Evaluating CALL use across multiple contexts

Joan Jamieson, Carol A. Chapelle

Research output: Contribution to journalArticlepeer-review

12 Scopus citations


For an audience of teachers, materials developers, students, and other applied linguists, three key issues in materials evaluation are establishing a means of drawing on professional knowledge about language learning in the evaluation process; recognizing the tension between the utility of robust evaluation results and the inherent context-specific nature of evaluation; and articulating the need for a procedure that produces stable, defensible results. This study explored one approach to addressing these issues when evaluating computer-assisted language learning (CALL) materials. A survey was developed and used in a multiple case study in twelve different English language classes in four countries. Results on six different criteria indicated generally good internal consistency. Findings from classes both inside and outside the USA suggest that the survey approach combined with multiple case studies had the sensitivity to reveal some differences both within and across classroom contexts. This study illustrates an additional method that can easily complement the more traditional process- and outcomes-based approaches for CALL evaluators.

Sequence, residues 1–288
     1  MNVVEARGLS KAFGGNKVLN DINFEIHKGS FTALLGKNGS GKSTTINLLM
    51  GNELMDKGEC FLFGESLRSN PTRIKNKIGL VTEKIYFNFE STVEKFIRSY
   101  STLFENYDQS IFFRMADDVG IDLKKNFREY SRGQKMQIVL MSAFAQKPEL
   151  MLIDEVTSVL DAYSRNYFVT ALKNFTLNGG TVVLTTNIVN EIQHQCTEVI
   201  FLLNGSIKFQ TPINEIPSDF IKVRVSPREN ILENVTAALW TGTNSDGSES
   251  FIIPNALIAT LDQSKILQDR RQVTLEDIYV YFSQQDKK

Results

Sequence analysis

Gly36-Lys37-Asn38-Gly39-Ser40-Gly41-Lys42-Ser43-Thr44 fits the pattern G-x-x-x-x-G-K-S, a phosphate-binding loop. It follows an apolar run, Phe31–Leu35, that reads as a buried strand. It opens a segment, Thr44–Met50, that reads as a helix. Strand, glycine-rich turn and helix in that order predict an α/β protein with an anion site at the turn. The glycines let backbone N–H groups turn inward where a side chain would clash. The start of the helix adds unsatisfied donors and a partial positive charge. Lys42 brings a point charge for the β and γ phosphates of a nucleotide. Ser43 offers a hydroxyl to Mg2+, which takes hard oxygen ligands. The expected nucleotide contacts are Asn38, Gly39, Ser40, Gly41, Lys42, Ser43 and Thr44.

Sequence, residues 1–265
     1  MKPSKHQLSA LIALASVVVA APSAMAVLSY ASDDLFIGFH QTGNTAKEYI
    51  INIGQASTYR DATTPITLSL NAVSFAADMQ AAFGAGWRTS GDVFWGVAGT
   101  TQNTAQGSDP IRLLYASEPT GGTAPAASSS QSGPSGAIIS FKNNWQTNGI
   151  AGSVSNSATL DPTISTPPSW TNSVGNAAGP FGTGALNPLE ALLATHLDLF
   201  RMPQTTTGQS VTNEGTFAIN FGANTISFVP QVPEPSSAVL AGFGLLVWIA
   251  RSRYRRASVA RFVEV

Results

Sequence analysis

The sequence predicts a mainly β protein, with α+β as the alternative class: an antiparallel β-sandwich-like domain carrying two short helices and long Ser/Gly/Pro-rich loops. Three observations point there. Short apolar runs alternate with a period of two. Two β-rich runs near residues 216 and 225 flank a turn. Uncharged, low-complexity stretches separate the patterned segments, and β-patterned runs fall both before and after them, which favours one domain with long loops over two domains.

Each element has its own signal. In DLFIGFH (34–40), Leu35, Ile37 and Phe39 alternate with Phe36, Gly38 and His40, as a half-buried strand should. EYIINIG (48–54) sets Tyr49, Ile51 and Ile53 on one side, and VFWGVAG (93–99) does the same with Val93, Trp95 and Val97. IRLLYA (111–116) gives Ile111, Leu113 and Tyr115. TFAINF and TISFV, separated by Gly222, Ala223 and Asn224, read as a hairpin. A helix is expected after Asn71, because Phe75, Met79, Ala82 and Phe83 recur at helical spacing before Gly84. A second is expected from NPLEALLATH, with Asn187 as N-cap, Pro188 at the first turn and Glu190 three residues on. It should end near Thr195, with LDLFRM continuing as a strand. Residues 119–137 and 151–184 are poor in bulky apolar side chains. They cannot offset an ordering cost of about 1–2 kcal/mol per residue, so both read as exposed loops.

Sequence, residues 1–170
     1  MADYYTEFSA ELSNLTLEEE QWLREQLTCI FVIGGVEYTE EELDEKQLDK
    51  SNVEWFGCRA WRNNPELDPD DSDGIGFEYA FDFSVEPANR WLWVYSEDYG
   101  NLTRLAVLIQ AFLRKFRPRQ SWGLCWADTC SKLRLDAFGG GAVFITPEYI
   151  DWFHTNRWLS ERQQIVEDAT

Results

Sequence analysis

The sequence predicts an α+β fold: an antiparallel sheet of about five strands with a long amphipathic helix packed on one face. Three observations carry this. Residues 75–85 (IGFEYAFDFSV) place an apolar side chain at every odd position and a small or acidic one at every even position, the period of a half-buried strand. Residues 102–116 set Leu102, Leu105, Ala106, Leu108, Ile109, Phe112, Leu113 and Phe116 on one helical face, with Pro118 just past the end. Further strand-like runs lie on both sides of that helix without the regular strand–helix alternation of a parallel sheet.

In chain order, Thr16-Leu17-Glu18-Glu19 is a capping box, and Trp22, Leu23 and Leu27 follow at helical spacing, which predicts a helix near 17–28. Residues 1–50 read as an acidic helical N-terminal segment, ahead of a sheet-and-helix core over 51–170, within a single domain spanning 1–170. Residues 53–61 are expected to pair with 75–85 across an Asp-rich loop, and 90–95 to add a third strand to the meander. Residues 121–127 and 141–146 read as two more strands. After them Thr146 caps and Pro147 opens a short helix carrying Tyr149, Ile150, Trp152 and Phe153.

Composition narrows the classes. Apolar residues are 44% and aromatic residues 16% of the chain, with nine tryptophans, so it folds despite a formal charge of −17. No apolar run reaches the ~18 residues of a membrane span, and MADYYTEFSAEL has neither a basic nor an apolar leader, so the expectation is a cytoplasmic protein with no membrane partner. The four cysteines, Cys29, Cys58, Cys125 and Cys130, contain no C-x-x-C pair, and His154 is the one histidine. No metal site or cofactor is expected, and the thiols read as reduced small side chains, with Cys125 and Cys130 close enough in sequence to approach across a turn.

Original languageEnglish (US)
Pages (from-to)357-369
Number of pages13
Issue number3
StatePublished - Sep 2010


  • Applied linguistics
  • Case studies
  • Computer-assisted language learning
  • Evaluation
  • Second language learning
  • Surveys

ASJC Scopus subject areas

  • Language and Linguistics
  • Education
  • Linguistics and Language


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